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Heads On Portrait Prize at Northart



Heads on Portrait Prize.                                                                                                                                                             

June 3 – 18. Northart Gallery.


Portraits attract people, we like to look at ourselves (even more than at cats). I have to admit myself being a sociopath of sorts, but even I am drawn to portraits.

Wondering what a formal definition is, I referred the Oxford English Dictionary a portrait, n. is:

  •  A drawing or painting of a person, often mounted and framed for display, esp. one of the face or head and shoulders; (also) an engraving, photograph, etc., in a similar style.
  • Something which represents, typifies, or resembles the object described or implied; a type; a likeness.

Additionally, a portrait should reveal a story of the subject; sharing joys and sorrows of the one photographed to the one looking is the essential.

In Heads on Portrait Prize at NorthArt, each photograph opens a whole new world to the viewer, a different personality, each of them being equally compelling and interesting. Each photograph would be enough to inspire one to write a book. Touching and stylistically perfect, they all exude fascination and blues, joy and tears (at times quite literally), at the same time.

The content is invaluable, although underscored by formal presentation to a certain degree. Photographs are mounted directly on the walls using office pins, perhaps, informed by it being a traveling exhibition. However, these stunning photographs deserve a presentation which would accentuate their excellence. Leaving the international exhibition, I expected large prints on a glossy photographic paper, framed, under glass, each having a caption which would satisfy my curiosity: of museum standard.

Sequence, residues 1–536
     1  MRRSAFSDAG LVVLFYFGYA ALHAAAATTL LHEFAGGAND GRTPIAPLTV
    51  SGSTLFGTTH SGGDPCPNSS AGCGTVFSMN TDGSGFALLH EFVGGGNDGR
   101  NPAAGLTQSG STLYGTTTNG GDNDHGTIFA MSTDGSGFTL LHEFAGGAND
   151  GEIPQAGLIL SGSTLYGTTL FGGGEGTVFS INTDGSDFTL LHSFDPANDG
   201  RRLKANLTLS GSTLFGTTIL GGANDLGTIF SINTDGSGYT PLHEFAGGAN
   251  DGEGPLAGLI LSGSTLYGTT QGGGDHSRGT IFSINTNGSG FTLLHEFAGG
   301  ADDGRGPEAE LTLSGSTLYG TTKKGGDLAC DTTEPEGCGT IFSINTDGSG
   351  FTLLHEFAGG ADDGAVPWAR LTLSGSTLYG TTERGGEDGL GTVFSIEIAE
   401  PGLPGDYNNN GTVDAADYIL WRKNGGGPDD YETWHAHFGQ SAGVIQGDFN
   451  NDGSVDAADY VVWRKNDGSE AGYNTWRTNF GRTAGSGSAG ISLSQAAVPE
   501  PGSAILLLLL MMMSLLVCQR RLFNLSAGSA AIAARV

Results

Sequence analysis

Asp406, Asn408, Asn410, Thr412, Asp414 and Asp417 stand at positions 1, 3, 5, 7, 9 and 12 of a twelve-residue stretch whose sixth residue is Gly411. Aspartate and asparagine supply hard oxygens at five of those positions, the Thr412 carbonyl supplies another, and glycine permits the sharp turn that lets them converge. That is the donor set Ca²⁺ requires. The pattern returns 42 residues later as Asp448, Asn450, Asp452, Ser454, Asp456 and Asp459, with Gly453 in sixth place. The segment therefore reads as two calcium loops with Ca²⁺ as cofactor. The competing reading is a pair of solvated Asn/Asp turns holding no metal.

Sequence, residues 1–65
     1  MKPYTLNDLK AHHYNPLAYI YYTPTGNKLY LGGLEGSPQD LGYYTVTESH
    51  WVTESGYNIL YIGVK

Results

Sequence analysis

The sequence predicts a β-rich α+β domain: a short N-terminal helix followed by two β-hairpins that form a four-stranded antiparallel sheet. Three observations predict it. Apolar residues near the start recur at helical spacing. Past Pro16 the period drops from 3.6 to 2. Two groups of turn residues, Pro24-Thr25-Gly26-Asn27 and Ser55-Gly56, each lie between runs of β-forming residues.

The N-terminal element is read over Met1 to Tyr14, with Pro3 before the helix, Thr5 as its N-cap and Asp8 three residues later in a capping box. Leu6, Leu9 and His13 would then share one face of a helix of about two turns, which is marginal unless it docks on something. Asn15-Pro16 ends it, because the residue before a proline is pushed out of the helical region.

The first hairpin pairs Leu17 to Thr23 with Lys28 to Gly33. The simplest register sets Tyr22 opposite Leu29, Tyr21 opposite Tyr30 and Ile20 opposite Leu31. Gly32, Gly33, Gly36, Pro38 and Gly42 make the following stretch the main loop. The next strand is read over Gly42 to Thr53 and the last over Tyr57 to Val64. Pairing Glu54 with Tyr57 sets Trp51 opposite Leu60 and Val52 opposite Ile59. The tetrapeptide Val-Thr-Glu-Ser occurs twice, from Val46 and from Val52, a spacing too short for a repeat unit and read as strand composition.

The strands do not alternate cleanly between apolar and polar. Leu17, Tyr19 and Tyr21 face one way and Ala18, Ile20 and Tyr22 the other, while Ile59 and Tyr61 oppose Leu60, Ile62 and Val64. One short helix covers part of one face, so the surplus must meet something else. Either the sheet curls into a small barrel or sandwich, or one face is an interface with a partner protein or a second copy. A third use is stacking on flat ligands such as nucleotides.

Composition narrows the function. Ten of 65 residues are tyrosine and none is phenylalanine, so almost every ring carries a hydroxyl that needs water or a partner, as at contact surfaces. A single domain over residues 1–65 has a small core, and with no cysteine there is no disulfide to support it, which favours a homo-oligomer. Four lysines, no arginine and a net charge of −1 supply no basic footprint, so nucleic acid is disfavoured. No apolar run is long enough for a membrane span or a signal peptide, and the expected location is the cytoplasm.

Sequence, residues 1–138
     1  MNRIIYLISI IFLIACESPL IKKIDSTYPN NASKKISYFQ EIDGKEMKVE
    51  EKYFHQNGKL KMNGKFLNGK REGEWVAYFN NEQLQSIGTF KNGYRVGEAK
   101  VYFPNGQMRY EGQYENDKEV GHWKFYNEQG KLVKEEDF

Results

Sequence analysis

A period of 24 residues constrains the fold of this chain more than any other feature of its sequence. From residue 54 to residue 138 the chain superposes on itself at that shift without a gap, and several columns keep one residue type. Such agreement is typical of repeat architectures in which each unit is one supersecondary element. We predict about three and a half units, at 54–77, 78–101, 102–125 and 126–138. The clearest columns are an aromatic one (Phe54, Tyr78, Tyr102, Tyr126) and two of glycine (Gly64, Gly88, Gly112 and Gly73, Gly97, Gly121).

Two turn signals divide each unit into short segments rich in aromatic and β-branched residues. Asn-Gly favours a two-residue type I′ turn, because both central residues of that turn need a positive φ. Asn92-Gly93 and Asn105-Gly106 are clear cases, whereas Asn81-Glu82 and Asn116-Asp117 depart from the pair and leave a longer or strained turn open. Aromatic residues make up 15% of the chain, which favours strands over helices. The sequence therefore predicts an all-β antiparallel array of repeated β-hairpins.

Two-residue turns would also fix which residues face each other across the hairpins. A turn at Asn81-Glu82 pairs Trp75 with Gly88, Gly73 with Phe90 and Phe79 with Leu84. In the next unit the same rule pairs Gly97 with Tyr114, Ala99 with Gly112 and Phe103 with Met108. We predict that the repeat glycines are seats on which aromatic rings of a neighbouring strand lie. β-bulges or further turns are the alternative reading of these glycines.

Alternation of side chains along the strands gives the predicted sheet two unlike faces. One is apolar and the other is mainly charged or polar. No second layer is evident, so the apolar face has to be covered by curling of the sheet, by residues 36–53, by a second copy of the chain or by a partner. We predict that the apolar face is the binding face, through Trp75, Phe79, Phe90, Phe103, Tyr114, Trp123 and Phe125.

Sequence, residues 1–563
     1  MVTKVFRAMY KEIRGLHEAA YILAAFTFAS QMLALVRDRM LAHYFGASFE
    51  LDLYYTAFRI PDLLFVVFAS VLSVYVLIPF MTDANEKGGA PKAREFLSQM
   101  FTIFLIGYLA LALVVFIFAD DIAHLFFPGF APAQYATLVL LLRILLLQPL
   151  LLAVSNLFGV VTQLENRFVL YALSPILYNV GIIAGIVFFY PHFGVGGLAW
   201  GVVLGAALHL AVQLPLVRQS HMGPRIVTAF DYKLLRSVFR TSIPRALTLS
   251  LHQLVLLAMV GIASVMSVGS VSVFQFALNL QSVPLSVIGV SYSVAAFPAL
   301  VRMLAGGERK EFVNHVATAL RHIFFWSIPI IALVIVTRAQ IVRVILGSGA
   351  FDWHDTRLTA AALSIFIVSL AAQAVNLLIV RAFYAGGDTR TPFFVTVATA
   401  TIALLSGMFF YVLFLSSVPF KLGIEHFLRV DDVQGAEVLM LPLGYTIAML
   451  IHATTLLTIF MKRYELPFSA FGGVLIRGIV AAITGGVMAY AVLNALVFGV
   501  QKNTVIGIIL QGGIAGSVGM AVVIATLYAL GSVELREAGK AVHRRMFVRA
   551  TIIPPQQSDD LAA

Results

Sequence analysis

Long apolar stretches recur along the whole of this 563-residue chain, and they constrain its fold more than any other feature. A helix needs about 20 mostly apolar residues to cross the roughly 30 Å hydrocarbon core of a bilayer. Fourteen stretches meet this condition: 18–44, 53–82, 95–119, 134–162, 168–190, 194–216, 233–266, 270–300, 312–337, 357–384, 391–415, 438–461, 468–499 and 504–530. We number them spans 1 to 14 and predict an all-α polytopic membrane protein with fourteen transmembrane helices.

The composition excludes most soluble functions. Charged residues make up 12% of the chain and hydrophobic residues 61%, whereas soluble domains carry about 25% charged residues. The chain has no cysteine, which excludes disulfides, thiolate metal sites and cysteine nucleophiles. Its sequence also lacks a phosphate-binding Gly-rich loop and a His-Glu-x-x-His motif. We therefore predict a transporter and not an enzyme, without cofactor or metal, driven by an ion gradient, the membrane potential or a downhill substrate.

Casualness of virtually anything is one of the reasons I love New Zealand. However, the amateurish feel about this exhibition was upsetting. An occasional minor flaw in installation, a nail bent or a weird angle here and there did drag attention away from appreciating the gems and brought associations to a school wall newspaper. Perhaps sounding like hateful Adorno or that grumpy tutor I could not praise the works to the level they deserved.

Missing was narrative behind each portrait. Some commentary was beautiful in its simplicity, seeming to tell the story in full. Others, and in fact most, seemed to lack completeness. I perpetually found myself asking: “And what happened then? Tell me more!” Perhaps, a successful resolution would be to turn the exhibition into a publication, which had a story next to each photograph. Presentation aside, it seems that portraiture is a lot about the story behind it.

Narrative is an intrinsic and vital part of a portrait, which cannot be disregarded. One can re-create the story of a photograph, but is it enough to be satisfied with the fruits of ones own imagination knowing that reality always surpasses even the wildest fantasy?





Image Credit: Northart Gallery

This entry was posted in: Reviews

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